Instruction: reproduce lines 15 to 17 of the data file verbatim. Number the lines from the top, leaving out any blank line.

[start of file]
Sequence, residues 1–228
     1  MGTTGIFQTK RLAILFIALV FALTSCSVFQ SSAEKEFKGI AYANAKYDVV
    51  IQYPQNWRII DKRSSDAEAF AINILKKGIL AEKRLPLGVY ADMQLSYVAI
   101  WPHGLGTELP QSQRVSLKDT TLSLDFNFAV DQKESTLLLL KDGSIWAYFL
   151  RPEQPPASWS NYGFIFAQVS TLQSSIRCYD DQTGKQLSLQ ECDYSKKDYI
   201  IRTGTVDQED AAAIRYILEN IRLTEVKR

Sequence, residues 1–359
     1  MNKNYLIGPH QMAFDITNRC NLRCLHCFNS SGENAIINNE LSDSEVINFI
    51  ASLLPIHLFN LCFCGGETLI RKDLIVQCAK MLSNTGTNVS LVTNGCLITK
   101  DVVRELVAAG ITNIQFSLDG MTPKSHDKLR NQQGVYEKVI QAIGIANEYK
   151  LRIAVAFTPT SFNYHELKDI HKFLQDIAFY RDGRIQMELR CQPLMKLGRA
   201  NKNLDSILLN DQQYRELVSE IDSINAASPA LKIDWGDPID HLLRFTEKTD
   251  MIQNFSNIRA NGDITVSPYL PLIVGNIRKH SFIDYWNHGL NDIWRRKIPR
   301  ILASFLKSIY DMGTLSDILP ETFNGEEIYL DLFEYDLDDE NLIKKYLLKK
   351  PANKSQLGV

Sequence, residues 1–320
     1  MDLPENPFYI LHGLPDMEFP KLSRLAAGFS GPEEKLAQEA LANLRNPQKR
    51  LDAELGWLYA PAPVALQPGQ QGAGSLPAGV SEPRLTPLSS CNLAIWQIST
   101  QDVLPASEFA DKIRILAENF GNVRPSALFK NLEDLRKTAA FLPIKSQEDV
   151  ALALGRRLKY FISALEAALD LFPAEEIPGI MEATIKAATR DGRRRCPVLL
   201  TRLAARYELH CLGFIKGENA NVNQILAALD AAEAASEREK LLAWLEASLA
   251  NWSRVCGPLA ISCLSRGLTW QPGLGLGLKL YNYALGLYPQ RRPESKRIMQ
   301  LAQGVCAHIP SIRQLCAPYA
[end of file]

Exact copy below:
   351  PANKSQLGV

Sequence, residues 1–320
     1  MDLPENPFYI LHGLPDMEFP KLSRLAAGFS GPEEKLAQEA LANLRNPQKR